Mapping the Olympic growth machine


Theories of growth machines and urban regimes have informed the study of urban political economy for more than three decades, but these theories remain focused on intra-urban processes. Using a case study of the bidding process and the planning of the 2010 Olympic Winter Games in Vancouver, we explore the transnational dimensions of the urban growth machine and explore common aspects between the growth machine and regime theory literature and the literatures on the entrepreneurial city and transnational urban policy transfers. Through its evolving networks with other urban regimes, Vancouver's growth machine provides a ready forum in which local elites can acquire specialized knowledge on new urban entrepreneurial strategies elsewhere. Actors situated in different parts of the local growth machine are establishing various connections with urban regimes in other cities, in what is best understood as a nascent growth machine diaspora. Growth machine and regime theories remain valid in their basic conceptualization and maintain their strength through their adaptability to various contexts, but can be enriched by analyses of policy circuits, travelling theories and learning networks.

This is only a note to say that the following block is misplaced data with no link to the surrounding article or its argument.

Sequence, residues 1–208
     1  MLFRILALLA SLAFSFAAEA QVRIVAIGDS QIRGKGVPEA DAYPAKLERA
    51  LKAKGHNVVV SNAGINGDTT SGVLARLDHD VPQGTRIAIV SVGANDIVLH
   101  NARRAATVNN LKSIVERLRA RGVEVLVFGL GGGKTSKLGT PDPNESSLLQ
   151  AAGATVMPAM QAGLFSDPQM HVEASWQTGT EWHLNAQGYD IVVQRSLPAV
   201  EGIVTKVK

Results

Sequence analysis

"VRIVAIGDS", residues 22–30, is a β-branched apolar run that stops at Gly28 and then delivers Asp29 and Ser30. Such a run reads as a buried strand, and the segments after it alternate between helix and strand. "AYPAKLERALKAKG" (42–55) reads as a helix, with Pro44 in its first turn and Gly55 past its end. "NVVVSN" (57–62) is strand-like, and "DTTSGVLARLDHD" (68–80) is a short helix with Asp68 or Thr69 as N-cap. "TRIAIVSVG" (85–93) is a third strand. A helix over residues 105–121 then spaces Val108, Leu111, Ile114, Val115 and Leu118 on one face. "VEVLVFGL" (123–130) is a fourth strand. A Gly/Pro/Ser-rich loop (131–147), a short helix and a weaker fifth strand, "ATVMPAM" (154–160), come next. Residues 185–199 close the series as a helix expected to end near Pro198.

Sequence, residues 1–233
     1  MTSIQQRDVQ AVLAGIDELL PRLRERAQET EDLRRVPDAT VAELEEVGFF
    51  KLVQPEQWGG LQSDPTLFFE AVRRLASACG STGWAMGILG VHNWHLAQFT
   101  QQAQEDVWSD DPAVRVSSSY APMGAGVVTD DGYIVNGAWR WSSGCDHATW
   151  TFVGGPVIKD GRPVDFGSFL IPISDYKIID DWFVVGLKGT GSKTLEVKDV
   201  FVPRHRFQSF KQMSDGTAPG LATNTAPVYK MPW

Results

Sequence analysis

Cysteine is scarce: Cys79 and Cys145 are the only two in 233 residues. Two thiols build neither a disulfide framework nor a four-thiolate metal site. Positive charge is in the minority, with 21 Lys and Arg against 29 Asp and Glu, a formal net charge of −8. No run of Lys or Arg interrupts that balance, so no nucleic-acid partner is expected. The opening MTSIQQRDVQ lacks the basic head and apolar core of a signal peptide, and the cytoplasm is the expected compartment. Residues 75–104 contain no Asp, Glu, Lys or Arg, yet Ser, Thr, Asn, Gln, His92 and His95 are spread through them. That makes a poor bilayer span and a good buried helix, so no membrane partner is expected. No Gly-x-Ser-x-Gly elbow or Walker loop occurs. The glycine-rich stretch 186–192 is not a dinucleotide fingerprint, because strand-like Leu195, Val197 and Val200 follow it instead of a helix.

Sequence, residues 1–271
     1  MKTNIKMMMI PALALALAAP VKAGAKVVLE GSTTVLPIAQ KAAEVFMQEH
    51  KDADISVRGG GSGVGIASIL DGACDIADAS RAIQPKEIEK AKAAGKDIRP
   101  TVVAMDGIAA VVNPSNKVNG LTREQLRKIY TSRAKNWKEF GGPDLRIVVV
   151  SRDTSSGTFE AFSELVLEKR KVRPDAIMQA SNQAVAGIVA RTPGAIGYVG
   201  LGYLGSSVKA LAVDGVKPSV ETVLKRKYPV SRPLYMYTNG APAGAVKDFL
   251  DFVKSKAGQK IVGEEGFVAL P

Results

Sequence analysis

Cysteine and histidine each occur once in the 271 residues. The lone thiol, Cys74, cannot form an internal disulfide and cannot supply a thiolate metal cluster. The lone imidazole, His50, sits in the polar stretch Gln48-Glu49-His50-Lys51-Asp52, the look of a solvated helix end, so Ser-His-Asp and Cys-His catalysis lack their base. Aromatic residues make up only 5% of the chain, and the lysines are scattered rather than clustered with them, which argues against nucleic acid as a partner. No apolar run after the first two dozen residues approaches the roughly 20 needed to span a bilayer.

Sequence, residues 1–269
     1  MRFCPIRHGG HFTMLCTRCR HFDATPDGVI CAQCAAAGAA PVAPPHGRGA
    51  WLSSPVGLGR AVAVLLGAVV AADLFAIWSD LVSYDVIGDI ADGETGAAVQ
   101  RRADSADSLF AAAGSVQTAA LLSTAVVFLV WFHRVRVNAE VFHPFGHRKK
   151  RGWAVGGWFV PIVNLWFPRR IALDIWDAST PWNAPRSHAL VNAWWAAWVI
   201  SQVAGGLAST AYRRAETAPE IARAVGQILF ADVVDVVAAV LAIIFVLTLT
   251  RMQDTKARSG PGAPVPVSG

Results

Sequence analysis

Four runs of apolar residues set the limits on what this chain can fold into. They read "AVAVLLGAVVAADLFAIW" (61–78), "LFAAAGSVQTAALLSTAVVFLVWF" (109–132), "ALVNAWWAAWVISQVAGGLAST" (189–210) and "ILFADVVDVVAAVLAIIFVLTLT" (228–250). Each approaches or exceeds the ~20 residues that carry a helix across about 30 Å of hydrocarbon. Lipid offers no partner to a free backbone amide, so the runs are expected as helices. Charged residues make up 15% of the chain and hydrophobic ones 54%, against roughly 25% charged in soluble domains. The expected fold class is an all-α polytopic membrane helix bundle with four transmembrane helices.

Bjorn Surborg
Rob Van Wynsberghe
Elvin Wyly
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